In the midst of pitched battles over whether some Americans can discriminate against LGBT Americans based on religion, we are viscerally reminded that terror and violence do not discriminate.
My phone started buzzing almost as soon as the lights went down. I was in Baltimore with my family to watch Cirque du Soleil’s “Toruk” when the alerts started coming in about another mass shooting, this time at a nightclub in Orlando, Florida. We’d just found our seats, after getting through security, where my electronics bag was searched for weapons.
Since the patrons of the Stonewall Inn fought back against police harassment and violence early on the morning of June 28, 1969, June has been the month that the LGBT community celebrates Pride. Our communities are at their most visible, as Pride is at least in part about survival as an act of defiance, and walking in the light of day without fear. Last year, Pride was a celebration, coming on the heels of the Supreme Court ruling in favor of marriage equality. This year Pride takes on special significance, as our communities stand up against “religious freedom” laws that seek to codify discrimination against LGBT Americans, on the basis of “sincerely held religious beliefs.”
This isn’t the first time our community has been targeted by terrorist violence.
In 1996, anti-gay and anti-government right-wing extremist Eric Rudolph bombed the Otherside Lounge, a gay bar, injuring five people during that Atlanta Olympics. During the five years Rudolph spent hiding in rural North Carolina, despite millions of dollars and the efforts of FBI investigators to get locals to cooperate with their search, the same locals wrote country songs about him and sold t-shirts emblazoned with, “Run, Rudolph, Run!”
On New Years Eve in 2013, Musab Masmari set fire to a Seattle gay nightclub, Masmari later confided to a friend that he “‘burned a gay club’ and that he did it ‘because what these people are doing is wrong.’” Another friend reported that Masmari had a “general hostility towards homosexuality.”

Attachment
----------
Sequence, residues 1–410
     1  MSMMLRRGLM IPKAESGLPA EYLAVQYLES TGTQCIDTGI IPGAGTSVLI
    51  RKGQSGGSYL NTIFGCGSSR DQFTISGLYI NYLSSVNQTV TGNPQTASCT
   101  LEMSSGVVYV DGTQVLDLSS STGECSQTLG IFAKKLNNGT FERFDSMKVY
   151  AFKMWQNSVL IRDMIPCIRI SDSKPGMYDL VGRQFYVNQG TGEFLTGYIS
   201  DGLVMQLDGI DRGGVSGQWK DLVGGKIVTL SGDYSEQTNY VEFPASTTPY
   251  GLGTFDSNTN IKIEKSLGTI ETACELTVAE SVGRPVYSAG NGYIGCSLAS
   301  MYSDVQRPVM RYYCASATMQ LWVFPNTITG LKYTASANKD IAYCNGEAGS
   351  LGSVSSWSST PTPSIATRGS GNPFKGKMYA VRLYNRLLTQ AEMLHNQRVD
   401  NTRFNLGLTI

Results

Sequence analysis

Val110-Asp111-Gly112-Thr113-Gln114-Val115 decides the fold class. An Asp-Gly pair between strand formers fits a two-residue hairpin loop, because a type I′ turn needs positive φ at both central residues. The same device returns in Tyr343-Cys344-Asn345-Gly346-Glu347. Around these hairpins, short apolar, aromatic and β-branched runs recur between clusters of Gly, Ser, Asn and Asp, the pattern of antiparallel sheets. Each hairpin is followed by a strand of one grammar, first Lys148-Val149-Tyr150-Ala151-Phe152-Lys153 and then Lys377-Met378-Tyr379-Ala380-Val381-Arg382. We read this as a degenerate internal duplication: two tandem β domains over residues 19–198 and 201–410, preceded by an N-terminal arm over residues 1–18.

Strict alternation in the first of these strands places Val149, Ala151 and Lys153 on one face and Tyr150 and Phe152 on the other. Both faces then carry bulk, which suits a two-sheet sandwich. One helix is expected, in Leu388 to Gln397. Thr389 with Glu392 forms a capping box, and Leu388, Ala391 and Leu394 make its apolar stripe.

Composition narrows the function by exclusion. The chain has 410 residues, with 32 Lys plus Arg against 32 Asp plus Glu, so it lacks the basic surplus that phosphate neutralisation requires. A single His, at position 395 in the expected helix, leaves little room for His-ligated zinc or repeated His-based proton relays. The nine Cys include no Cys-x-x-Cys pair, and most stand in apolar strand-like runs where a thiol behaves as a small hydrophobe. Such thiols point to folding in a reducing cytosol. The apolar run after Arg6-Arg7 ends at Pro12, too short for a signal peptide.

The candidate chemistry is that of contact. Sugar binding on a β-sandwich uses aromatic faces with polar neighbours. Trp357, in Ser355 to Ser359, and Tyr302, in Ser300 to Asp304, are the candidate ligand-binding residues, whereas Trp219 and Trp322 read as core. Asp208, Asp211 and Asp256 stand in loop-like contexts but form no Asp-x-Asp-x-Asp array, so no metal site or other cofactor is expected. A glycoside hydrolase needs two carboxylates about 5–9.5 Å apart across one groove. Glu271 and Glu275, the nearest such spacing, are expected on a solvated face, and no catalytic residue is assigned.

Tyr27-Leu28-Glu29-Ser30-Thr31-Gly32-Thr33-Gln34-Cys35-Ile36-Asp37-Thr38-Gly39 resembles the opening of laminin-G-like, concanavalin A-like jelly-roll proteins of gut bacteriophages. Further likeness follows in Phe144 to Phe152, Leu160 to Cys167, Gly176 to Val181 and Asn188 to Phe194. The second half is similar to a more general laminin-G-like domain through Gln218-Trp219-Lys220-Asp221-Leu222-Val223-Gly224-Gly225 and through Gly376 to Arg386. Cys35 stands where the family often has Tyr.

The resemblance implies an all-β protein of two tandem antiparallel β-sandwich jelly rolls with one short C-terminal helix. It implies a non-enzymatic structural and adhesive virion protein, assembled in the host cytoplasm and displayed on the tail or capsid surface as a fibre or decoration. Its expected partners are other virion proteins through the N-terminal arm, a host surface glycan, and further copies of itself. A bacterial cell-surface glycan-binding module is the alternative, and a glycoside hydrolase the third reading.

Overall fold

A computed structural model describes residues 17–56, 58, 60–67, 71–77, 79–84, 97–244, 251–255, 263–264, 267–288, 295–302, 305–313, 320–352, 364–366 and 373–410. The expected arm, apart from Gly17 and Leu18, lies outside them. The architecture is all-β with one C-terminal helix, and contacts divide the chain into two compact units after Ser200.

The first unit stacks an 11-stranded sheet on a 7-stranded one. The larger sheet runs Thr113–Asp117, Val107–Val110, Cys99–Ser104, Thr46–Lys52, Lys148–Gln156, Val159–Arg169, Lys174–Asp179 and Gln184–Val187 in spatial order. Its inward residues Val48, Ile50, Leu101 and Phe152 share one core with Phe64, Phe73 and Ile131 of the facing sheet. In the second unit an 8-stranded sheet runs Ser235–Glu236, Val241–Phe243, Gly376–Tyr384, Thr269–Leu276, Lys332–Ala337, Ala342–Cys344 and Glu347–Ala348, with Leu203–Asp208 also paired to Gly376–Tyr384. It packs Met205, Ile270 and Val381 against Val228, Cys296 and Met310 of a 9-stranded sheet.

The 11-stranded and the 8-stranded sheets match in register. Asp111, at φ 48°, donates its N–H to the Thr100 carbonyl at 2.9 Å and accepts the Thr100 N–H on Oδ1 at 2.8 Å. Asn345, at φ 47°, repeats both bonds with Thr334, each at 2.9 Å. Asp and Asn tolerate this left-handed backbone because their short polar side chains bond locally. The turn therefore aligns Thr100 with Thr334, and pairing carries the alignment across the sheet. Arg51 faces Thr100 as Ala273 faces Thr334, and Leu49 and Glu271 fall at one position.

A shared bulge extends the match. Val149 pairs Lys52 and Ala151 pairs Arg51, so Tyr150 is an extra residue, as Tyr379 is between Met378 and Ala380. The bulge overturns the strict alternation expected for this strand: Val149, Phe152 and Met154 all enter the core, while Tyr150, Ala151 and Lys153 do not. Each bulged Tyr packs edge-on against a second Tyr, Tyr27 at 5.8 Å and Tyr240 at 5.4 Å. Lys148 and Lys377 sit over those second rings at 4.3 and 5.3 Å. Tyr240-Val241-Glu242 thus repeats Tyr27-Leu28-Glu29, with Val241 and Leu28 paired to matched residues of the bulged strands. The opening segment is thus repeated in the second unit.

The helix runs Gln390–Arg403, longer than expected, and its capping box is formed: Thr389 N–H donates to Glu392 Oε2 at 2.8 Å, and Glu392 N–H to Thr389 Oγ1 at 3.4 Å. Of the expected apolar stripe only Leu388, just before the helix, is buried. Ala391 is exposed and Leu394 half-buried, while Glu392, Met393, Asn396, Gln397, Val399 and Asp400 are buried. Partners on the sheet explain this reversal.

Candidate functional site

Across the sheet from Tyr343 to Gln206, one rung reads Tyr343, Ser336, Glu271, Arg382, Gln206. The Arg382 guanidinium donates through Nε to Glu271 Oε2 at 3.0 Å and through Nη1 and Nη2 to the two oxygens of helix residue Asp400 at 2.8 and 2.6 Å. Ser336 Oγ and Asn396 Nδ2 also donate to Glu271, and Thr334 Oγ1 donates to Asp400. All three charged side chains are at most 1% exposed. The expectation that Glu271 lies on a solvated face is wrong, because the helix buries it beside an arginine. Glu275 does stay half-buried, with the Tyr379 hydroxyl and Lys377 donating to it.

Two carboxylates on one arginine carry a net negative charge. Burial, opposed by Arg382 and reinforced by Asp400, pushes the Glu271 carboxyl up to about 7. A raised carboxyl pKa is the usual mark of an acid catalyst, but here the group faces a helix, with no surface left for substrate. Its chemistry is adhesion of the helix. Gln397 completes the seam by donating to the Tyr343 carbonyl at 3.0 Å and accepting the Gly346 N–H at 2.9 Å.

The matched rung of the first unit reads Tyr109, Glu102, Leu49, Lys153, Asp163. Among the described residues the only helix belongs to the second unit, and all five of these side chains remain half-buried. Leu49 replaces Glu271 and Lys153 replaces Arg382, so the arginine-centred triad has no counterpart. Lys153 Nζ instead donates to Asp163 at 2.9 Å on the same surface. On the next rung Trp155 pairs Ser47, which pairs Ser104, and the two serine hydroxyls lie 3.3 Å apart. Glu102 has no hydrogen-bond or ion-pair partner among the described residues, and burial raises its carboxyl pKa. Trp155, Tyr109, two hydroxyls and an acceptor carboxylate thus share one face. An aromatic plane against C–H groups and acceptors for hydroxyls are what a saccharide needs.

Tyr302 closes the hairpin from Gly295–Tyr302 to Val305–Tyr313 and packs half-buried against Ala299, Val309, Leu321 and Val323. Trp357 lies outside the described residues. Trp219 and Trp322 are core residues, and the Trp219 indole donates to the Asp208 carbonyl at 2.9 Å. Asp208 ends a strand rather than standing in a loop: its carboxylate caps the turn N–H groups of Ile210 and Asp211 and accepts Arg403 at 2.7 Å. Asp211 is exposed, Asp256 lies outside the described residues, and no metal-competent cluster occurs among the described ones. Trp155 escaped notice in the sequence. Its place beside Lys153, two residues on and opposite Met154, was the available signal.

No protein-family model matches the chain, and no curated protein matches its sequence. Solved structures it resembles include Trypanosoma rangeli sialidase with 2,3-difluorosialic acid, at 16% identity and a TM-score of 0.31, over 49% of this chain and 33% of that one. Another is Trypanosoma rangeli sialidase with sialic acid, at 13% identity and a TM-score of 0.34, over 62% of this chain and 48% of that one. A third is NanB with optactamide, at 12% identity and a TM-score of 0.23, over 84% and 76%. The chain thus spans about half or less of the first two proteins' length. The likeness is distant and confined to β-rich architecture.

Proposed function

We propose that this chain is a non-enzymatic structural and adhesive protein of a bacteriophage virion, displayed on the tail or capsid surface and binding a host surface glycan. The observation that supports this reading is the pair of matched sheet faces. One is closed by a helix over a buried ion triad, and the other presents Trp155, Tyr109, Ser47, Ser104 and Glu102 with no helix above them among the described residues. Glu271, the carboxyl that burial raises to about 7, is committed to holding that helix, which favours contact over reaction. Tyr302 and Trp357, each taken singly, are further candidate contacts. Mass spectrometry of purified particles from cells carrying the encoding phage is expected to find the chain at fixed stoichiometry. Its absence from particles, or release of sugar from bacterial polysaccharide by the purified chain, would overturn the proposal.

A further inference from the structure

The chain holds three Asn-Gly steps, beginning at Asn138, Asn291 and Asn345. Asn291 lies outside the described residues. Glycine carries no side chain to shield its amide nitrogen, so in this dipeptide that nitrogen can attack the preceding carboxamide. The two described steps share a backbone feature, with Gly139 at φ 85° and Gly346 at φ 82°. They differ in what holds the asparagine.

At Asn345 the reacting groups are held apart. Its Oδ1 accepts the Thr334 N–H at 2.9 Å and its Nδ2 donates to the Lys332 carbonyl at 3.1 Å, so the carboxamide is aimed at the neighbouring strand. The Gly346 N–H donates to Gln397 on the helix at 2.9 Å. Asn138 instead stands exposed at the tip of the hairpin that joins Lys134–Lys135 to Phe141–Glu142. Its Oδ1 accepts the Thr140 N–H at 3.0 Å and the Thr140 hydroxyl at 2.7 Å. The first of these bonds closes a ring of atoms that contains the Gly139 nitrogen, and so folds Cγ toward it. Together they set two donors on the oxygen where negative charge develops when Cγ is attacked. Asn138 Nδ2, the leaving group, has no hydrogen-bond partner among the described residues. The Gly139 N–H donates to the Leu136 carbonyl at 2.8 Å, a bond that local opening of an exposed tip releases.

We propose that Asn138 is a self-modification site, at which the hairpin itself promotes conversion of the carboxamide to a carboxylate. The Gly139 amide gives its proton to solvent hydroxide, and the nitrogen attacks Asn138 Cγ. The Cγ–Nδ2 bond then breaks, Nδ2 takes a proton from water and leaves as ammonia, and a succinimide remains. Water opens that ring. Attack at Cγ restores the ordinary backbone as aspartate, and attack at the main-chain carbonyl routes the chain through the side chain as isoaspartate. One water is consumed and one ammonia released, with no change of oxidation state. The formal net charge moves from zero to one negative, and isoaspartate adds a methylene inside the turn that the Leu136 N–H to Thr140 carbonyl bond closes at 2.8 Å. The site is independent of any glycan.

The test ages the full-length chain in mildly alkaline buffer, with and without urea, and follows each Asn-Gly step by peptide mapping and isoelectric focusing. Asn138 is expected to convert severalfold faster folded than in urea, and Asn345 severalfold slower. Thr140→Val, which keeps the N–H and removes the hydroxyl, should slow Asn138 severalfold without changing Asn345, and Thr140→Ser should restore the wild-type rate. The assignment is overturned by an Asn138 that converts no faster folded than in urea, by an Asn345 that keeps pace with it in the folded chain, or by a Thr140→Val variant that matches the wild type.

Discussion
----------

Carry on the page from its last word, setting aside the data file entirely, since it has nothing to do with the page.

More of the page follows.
Now, in the midst of pitched battles over whether some Americans can discriminate against LGBT Americans based on religion, we’ve been viscerally reminded that terror and violence make no distinctions between us. Unlike us, these twin horrors do not discriminate. Born of the same hatred that causes one person to believe we should be denied a donut or a slice of pizza because of who we are, and another to believe we should be denied life for the same reason, they simply annihilate.
As the second act began, I wondered what we would tell our children about this latest attack, which they would inevitably learn of. Upon hearing that the LGBT community was targeted, would they worry about my safety and my husband’s? Would they worry about their own safety? Can we assure them that their world is a safe place.
A couple of months from now, before the summer ends, we will have forgotten about Orlando. We will probably have gone through and forgotten about a few more shootings since then. We will no more heed the voice of Christine Leinonen, whose son Christopher has been confirmed among the dead in the aftermath of the shooting, than we did the grieving parents of the elementary school students killed at Sandy Hook.
Mateen walked into Pulse carrying an AR–15 style rifle — the “gun of choice” for America’s mass shooters, of which there are some 9 million in circulation as of 2014 — which he bought legally, despite previous flags by the FBI. It’s the same gun that brought us the carnage in San Bernardino, Sandy Hook, and Aurora. Once illegal under the federal assault weapons ban, they are made to kill quickly and efficiently; capable of firing hundreds of rounds of ammunition per minute, with high accuracy. They rose in popularity when the ban expired in 2004. Of the eight high-profile mass shootings since July of last year, assault rifles were used in seven.
The dangers the LGBT community faces are really the dangers all Americans still face. How many fewer people would have died if Mateen had walked into Pulse armed with less firepower, or only with knives? We may never be able to entirely eradicate hate, but we can take away people’s ability to act on it so quickly and on such an appalling scale. But we don’t have the political will, not even after this latest massacre.
Cirque du Soleil’s “Toruk” is based on James Cameron’s movie, Avatar. At the end of “Toruk,” five disparate tribes of the same race — the blue-skinned Na’vi — come together to stop the extinction of their species. As we made out way home, I thought of Orlando, and wondered if the human race yet has the capacity to do the same.